ORIGINAL RESEARCH article
Kupffer Cells: Important Participant of Hepatic Alveolar Echinococcosis
- 1State Key Laboratory of Pathogenesis, Prevention and Treatment of High Incidence Diseases in Central Asia, Clinical Medical Research Institute, First Affiliated Hospital of Xinjiang Medical University, Urumqi, China
- 2College of Basic Medicine of Xinjiang Medical University, Urumqi, China
Aims: Kupffer cells (KCs) are the liver-resident macrophages and play a leading role in the regulation of liver homeostasis in physiological conditions and in pathology. The study aims to investigate the anti-echinococcosis effect of KCs and the effects of hepatic stellate cells (HSCs) activation in the progression of liver fibrosis in hepatic alveolar echinococcosis (hepatic AE).
Methods: Hematoxylin—eosin (H&E) and Masson staining were used to assess the pathological inflammatory changes and collagen deposition, respectively. Immunohistochemistry and qRT-PCR were used to detect the number of aggregates of KCs, the expression of cytokines and activation of HSCs.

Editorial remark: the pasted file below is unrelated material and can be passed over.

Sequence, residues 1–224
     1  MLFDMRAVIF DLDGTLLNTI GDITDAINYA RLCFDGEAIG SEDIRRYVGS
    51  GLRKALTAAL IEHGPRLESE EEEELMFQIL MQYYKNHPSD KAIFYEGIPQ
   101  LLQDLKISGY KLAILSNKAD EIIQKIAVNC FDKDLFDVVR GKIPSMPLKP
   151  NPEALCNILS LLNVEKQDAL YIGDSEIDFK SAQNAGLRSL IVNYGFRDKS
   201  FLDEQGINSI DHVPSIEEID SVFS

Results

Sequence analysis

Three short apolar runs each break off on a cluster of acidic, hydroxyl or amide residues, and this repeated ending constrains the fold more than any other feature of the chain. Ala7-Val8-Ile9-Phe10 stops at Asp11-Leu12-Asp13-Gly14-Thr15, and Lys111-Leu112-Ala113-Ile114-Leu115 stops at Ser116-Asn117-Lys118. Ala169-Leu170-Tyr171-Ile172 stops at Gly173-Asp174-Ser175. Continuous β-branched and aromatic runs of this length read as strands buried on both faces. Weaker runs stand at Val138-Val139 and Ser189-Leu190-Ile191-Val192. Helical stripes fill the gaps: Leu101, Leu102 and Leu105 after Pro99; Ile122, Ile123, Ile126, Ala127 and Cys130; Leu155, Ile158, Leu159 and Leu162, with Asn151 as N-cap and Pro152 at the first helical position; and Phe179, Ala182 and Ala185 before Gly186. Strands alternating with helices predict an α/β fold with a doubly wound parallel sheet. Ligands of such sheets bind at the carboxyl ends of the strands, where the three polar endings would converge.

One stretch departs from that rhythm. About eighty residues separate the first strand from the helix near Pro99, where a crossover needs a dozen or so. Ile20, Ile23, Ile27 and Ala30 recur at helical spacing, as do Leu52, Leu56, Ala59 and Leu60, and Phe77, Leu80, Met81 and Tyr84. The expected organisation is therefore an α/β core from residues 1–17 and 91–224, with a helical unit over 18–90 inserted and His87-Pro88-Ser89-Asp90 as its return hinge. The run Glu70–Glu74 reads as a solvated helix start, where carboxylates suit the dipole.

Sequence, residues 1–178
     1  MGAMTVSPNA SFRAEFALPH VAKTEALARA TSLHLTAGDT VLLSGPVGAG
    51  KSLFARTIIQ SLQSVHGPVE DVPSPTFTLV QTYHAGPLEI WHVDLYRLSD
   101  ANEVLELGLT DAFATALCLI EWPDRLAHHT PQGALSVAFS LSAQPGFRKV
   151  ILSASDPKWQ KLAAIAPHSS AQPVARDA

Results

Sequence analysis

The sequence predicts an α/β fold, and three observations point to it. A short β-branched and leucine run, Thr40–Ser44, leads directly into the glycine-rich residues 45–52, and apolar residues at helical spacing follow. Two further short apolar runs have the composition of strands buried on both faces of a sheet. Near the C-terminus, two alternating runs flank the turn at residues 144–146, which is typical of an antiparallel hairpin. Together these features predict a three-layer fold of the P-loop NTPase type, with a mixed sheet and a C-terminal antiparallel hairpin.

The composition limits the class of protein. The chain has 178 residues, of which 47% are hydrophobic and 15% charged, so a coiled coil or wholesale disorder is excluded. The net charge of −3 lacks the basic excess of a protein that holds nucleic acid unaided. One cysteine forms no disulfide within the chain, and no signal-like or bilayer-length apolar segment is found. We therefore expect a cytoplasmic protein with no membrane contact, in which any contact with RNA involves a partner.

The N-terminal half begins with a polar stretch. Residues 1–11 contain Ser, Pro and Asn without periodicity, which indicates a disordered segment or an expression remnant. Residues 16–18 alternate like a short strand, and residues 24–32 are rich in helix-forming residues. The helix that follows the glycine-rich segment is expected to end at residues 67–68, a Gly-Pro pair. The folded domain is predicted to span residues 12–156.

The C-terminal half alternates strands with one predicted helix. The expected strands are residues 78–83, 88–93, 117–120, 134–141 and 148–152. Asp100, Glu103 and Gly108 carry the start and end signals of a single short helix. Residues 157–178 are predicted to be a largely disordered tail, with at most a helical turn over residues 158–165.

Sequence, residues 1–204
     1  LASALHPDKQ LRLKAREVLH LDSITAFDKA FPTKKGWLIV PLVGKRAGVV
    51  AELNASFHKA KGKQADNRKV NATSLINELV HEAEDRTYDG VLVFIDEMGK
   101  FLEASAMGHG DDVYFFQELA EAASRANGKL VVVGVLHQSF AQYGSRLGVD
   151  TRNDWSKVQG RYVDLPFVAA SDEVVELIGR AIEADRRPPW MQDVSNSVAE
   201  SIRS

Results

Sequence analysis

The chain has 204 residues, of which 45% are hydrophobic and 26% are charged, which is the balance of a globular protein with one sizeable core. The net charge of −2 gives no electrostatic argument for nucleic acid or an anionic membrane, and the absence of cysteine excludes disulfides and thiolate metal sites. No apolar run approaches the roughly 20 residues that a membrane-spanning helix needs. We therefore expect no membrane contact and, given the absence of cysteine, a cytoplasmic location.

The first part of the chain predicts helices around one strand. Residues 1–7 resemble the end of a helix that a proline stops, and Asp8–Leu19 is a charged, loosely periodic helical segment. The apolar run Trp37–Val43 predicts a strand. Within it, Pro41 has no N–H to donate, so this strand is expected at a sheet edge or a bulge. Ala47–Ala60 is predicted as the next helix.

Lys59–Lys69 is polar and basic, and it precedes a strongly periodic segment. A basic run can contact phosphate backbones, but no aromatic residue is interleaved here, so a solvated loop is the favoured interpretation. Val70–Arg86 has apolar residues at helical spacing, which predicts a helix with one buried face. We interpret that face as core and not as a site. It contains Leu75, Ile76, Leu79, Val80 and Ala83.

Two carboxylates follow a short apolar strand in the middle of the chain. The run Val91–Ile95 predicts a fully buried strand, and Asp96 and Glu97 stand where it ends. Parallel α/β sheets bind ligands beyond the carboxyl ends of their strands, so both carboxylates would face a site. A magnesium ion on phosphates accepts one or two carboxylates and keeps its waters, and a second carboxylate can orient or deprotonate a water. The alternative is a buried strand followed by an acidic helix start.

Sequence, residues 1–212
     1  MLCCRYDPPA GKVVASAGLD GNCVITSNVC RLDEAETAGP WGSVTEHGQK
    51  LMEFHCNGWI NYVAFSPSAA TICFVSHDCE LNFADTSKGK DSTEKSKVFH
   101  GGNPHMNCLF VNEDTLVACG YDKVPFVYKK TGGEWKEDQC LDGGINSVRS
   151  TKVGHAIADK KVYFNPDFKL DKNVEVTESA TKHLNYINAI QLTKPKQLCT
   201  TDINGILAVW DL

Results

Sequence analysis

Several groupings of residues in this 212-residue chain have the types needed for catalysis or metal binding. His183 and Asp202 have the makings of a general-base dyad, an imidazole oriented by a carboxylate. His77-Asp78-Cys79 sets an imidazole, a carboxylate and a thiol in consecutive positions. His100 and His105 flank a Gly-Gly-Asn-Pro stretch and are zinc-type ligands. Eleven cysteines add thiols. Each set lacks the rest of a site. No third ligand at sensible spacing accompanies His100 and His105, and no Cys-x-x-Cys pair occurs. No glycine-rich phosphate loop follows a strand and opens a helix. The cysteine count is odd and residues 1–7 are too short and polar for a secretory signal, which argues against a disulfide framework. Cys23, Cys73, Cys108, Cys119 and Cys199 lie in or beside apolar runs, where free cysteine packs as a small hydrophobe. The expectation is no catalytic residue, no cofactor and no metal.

Results: In the close group, H&E staining showed that the normal lobular structure was destroyed and inflammatory infiltration around the lesion could be observed, and Masson staining showed that blue collagen fibers were clearly deposited near the portal area. IHC showed that KCs surface markers CD68 and CD163, cytokine iNOS and Arg-1 were positively expressed in the vicinity of inflammatory lesions. qRT-PCR indicated that TNF-α, IL-10, and TGF-β1 secreted by KCs were significantly higher than those in the distance group (P < 0.01). It is worth noticing that the expression levels of anti-inflammatory cytokines were slightly higher than that of pro-inflammatory cytokines. Both IHC and qRT-PCR results showed that HSCs activation markers, the expression of α-SMA and Desmin significantly increased.
Conclusions: Our research indicates that KCs have immune-protective effect of anti-echinococcosis and promote liver fiber repair, and it also suggests that they have potential therapeutic value for patients with hepatic AE.